So now I have a dog with a large incision, who is being very vocal about her discomfort. We move every half hour or so. I gave her her necessary meds but she is adamant that she is not ready to eat. She pooped on the deck and I cleaned it up. But I think she will be fine for another couple years.

But this is really the last surgery she will get. I promise.
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I thought Truffle might be ill because she didn't eat her breakfast yesterday and laid around all day sprawled out and barely seeming to breathe, though she went on a long walk with me and gladly ate all the treats I offered her. She wouldn't eat breakfast again today and it occured to me, she's not ill, she's on strike. She doesn't like the beef type of dog food.

I spent a couple of hours vacuuming the couch. Yes, it was that involved. I'm  a slob so sometimes I have to really tackle things. Anyway, she objected to the noise and barked at intervals until at one point she decided if you can't beat them, join them, and she started howling. Later I decided to try vacuuming her, since I've known dogs that liked it. Since she doesn't like the noise and it has a long hose, I positioned it as far away as I could and turned it on while talking to her of other things so she would be willing to judge the situation without preconceptions. Then I vaccuumed her! She kind of liked it! She was shiny and clean afterwards! I don't know if she will let me do it again sometime.

Whatever scented thing my roommate was carrying as she went past, it was heavenly. Coriander seed? I want it. Nope, she says it's attar of roses. But now I want to put coriander seed in my clothes.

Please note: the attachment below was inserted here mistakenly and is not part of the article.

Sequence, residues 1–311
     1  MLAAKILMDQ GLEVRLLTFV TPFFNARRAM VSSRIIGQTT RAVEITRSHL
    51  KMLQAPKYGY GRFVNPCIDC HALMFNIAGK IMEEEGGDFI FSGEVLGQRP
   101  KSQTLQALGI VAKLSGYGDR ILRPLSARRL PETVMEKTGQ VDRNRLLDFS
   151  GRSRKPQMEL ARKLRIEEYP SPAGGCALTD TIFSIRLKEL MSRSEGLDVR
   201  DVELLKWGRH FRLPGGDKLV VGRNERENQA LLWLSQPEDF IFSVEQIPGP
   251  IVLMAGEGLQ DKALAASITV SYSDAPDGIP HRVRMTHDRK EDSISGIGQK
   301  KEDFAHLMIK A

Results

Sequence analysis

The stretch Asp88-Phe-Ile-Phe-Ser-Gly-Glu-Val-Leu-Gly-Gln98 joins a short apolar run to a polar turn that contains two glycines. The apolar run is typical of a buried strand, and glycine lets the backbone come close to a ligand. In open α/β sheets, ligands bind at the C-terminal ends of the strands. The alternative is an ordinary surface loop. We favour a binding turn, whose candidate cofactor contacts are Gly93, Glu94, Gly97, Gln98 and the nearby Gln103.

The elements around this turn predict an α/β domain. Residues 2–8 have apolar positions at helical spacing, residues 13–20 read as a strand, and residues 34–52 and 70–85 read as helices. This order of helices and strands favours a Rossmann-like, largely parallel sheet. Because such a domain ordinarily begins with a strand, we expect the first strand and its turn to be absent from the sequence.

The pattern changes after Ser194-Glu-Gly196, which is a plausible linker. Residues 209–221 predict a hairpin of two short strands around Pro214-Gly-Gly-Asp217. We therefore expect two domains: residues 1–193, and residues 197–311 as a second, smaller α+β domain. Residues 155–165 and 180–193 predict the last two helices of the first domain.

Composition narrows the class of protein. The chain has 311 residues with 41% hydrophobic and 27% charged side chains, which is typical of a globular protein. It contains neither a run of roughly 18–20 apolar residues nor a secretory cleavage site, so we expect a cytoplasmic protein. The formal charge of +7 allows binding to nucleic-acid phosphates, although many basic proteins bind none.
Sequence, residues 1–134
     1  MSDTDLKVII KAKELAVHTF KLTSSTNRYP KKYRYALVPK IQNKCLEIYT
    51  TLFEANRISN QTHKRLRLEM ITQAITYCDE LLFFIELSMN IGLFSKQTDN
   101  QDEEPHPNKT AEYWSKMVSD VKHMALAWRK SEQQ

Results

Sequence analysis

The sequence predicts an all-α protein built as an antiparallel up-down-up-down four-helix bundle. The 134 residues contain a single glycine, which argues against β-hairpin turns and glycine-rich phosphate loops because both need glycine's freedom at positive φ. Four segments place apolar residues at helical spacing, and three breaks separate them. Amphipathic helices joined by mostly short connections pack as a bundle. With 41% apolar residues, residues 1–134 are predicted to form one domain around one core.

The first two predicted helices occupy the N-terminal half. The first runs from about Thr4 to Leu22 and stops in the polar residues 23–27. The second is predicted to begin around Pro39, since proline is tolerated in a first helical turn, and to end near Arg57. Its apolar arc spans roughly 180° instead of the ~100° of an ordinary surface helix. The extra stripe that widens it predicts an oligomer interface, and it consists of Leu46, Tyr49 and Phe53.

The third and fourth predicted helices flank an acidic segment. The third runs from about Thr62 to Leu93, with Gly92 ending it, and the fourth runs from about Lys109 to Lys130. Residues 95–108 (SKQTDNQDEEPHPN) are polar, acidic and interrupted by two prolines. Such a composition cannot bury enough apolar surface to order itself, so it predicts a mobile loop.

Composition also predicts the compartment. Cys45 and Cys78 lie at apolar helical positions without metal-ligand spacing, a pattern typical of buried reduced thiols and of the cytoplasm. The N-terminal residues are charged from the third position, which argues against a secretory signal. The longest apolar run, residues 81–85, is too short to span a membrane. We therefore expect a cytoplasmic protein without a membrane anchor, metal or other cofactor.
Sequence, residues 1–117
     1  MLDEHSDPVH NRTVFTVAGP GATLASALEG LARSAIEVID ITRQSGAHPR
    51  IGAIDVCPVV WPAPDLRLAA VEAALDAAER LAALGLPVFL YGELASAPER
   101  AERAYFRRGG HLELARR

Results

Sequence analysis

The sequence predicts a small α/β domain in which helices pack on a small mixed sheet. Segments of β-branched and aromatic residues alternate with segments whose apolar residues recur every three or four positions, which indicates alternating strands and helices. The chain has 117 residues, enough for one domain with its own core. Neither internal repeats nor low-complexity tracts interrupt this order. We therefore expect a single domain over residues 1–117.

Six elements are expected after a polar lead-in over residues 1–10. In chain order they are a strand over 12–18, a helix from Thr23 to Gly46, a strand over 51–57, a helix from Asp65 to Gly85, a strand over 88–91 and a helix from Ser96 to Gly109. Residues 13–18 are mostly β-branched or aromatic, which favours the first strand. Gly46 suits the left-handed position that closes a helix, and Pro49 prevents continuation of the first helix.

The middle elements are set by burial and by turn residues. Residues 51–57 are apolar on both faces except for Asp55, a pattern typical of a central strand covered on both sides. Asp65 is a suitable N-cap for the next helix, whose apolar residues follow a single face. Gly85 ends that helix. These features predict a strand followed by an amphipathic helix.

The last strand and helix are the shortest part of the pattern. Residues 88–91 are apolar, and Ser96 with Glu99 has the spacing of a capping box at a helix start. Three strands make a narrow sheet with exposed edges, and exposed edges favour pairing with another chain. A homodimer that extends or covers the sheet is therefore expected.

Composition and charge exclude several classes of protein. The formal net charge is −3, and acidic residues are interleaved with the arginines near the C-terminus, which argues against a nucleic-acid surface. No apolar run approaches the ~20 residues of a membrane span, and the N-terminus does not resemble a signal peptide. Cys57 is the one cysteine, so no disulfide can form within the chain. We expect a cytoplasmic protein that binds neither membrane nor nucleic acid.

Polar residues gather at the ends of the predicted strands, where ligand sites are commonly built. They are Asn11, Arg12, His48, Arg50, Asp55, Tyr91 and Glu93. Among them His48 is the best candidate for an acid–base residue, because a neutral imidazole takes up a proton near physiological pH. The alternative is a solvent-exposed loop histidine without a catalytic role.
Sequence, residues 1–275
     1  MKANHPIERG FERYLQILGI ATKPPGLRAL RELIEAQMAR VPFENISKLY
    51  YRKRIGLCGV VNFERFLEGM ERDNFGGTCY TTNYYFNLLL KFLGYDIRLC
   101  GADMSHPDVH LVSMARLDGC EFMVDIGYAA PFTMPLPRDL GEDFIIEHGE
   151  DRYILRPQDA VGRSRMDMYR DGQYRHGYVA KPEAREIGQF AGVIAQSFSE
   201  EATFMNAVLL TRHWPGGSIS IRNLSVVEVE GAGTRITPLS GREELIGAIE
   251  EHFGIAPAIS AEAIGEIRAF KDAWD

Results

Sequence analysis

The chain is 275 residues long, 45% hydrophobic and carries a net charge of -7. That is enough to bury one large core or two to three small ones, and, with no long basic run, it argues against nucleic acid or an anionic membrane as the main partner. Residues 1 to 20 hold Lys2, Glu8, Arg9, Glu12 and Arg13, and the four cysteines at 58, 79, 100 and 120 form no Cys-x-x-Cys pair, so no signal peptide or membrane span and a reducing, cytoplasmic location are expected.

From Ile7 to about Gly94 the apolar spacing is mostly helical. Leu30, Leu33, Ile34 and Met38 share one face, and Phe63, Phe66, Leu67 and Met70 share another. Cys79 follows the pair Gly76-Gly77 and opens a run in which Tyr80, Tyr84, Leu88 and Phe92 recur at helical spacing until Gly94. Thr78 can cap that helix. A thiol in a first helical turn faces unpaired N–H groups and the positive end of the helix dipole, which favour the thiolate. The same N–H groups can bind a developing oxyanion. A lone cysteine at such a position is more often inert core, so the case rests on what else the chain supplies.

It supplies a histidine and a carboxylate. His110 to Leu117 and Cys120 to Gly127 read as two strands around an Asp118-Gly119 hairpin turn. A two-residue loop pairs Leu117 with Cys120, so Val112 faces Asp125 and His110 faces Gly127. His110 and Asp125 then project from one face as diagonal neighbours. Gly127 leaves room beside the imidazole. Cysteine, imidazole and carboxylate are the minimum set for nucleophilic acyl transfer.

And now Truffle's going to get a nice walk!

edit: nope. she wouldn't walk. One of her hind legs was unsteady. She's really old. Well, tomorrow then.
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Thursday six in the morning I leave for the hospital. I'm trying to get the house nice and clean so it will be easy to navigate when I get back. I have borrowed a walker from my sister-in-law, which her mother no longer uses, and I hope to ditch it soon after the surgery.

I've had to stop taking my anti-inflammatory medicine for the time being so that I will have less potential for bleeding. I guess I'm grateful for the natural experiment: yes, I do need it. No, the osteoarthritis is not my ownly problem. There is something in my leg muscles that is kept at bay by meloxicam, and after four days of not having it I am back to hardly being able to walk.  Now, meloxicam is "necessary but not sufficient--" I also had to switch statin drugs and have years of physical therapy to keep the muscle pains at bay. But I didn't know until I quit it temporarily, because I mostly don't have very much pain in the normal course of things. It's function that's demanding the surgery, not pain.

Not directly related to surgery, but related to the things surgery is related to: in my trips to visit Frank and Hana in Prague, I always intended to but never managed to rent a bike. So I thought I would take my bike with me.But after talking it over with Zack, my roommate who was once a professional bike racer in Europe, I've realized that it's even more hassle to disassemble and reassemble a normal bike. He has convinced me to get a folding bike. It looks like I can spend about four hundred dollars and get a nice folder that can be adjusted to my height and can take my weight. I'm leaning towards the Citizen Barcelona. If you have any relevant experience or knowledge, let me know!

The idea would be that I would take it to the UK and other places when I travel, or even throw it in the car when I leave town, just in case. It is so much easier to cover a lot of ground on a bike than on foot. It may even become my primary bike, I don't know.